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(English version exclusive to this website)

Translated and summarized from the homily by Fr Fabio Rosini

December 10th 2023. Second Sunday of Advent


GOSPEL: Mark: 1, 1-8

Translated from a homily by Don Fabio Rosini, broadcast on Vatican Radio

Don Fabio’s reflection follows the Gospel reading ...

GOSPEL: Mark: 1, 1-8

The beginning of the gospel of Jesus Christ the Son of God.

As it is written in Isaiah the prophet:

Behold, I am sending my messenger ahead of you;

he will prepare your way.

A voice of one crying out in the desert:

"Prepare the way of the Lord,

make straight his paths."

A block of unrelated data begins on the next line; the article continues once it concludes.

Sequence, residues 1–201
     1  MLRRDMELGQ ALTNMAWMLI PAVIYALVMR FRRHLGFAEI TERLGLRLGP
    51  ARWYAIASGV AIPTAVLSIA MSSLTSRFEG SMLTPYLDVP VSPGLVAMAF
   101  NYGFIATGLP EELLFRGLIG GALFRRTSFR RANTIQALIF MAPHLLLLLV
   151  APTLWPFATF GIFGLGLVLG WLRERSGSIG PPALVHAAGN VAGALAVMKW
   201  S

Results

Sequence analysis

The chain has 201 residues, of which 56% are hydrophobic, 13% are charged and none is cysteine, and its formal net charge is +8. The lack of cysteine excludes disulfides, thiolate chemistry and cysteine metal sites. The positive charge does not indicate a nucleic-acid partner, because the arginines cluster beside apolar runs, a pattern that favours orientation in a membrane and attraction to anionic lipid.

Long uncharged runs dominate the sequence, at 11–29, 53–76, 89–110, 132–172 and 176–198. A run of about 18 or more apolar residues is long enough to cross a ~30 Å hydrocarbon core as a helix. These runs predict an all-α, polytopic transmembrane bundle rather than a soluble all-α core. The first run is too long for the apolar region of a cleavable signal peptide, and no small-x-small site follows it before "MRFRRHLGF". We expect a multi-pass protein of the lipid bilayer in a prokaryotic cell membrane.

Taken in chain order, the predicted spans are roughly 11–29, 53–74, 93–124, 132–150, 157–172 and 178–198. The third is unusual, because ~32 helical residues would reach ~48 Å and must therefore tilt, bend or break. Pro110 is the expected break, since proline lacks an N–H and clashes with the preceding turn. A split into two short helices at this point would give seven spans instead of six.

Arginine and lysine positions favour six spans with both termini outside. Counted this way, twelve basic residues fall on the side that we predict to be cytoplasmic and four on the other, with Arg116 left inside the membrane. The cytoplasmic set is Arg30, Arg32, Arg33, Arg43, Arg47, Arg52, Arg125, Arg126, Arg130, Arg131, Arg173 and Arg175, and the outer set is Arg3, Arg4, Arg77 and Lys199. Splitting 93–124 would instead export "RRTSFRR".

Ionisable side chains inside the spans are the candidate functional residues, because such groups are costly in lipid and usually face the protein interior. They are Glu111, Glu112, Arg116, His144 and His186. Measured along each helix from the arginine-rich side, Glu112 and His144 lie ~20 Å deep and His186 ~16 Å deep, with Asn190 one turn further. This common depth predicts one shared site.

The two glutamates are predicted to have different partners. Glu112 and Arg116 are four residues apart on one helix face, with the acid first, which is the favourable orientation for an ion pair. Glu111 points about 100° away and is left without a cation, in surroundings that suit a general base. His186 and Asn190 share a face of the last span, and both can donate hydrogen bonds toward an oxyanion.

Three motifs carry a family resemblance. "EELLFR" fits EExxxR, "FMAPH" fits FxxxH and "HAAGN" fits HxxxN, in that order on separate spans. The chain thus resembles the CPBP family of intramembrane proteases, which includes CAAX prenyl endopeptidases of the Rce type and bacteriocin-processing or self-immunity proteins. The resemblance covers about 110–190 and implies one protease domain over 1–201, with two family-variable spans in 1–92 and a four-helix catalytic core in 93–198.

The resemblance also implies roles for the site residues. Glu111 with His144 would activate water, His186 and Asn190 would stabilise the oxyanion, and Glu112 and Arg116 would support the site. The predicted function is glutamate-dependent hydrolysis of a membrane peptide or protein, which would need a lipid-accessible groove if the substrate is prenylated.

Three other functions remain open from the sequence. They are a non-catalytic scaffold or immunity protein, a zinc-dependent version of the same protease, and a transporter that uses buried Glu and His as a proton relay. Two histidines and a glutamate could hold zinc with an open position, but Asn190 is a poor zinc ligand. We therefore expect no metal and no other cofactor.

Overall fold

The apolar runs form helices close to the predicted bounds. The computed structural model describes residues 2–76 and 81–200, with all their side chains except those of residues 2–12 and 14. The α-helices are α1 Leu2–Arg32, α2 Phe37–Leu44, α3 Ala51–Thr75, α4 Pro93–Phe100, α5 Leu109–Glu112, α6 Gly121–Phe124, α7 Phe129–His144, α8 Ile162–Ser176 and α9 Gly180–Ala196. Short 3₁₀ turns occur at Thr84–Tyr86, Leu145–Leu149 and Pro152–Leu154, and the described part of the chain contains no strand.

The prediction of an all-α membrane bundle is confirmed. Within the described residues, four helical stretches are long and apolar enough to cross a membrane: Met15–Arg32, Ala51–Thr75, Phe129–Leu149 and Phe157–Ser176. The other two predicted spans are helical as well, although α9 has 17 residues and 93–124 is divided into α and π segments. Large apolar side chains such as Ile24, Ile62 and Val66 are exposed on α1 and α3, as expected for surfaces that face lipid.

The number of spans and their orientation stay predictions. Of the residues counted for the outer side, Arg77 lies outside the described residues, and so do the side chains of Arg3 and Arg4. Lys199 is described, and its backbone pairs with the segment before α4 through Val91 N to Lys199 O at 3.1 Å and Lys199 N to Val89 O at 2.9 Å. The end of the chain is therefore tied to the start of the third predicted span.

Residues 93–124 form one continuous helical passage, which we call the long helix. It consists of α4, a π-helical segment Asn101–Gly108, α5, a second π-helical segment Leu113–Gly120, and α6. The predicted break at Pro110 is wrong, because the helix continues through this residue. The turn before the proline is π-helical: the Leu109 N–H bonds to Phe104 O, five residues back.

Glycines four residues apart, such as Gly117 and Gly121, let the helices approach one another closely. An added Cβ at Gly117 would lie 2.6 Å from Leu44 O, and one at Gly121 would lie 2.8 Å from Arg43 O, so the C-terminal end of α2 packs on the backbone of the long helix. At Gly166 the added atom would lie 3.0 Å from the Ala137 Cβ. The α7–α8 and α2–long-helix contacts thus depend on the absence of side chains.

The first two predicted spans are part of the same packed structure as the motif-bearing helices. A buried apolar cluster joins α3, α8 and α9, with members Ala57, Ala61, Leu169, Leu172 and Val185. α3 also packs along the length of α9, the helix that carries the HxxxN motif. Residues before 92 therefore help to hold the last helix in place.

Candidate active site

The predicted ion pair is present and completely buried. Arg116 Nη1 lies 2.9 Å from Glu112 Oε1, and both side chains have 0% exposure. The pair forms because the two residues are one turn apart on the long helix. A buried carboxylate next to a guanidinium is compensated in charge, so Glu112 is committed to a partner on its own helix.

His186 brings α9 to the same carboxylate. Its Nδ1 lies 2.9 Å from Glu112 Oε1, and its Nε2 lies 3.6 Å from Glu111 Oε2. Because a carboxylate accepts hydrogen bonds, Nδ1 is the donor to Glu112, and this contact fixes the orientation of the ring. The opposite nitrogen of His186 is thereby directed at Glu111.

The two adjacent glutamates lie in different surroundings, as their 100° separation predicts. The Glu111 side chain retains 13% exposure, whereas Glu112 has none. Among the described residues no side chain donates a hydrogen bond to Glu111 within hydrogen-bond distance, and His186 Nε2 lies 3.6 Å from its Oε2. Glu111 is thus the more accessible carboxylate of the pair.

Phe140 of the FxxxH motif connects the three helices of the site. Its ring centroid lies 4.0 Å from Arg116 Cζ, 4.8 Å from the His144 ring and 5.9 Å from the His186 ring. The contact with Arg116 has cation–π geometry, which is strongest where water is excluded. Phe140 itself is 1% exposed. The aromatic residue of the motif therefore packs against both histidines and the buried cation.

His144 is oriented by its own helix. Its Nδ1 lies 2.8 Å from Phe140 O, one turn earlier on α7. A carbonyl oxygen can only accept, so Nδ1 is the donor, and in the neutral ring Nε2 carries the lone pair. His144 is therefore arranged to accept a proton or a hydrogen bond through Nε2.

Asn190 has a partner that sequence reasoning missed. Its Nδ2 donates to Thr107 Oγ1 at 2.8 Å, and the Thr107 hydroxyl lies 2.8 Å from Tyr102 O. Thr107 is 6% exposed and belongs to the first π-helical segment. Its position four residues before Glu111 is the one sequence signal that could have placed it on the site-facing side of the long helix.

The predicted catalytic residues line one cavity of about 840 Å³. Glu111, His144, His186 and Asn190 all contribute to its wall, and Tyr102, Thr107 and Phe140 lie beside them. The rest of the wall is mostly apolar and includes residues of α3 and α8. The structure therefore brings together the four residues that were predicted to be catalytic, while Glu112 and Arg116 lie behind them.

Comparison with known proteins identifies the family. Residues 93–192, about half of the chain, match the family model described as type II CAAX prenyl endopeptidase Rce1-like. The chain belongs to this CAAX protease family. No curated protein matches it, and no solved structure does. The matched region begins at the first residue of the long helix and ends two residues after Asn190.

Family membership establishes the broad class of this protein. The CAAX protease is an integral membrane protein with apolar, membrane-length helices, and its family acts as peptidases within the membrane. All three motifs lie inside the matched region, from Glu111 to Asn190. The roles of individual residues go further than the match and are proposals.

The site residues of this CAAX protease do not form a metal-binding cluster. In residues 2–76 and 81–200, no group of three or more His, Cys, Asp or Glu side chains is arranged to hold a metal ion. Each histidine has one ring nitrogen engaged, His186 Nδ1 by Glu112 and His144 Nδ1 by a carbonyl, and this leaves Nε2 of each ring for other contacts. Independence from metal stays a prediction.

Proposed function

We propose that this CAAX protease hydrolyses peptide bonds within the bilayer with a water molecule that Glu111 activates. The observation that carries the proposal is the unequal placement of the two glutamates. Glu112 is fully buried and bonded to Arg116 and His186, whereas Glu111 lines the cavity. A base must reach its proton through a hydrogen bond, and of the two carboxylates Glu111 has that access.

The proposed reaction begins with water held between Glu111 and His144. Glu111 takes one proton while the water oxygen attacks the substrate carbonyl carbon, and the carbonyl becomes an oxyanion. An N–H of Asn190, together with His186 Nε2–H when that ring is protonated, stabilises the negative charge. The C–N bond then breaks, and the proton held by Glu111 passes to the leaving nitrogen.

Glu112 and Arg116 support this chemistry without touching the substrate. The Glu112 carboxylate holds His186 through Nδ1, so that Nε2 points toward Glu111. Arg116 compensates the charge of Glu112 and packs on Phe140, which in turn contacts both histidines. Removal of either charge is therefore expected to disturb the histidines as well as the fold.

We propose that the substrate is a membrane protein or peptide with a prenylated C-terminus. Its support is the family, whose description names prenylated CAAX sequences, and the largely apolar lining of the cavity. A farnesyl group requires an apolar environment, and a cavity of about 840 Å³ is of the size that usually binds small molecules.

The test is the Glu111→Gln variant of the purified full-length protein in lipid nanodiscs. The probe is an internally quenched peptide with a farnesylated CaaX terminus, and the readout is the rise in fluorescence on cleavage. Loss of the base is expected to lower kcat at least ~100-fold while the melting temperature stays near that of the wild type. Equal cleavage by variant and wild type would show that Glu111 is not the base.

John the Baptist appeared in the desert

proclaiming a baptism of repentance for the forgiveness of sins.

People of the whole Judean countryside

and all the inhabitants of Jerusalem

were going out to him

and were being baptized by him in the Jordan River

as they acknowledged their sins.

John was clothed in camel's hair,

with a leather belt around his waist.

He fed on locusts and wild honey.

And this is what he proclaimed:

"One mightier than I is coming after me.

I am not worthy to stoop and loosen the thongs of his sandals.

I have baptized you with water;

he will baptize you with the Holy Spirit."

The Gospel of the Lord: Praise to you Lord Jesus Christ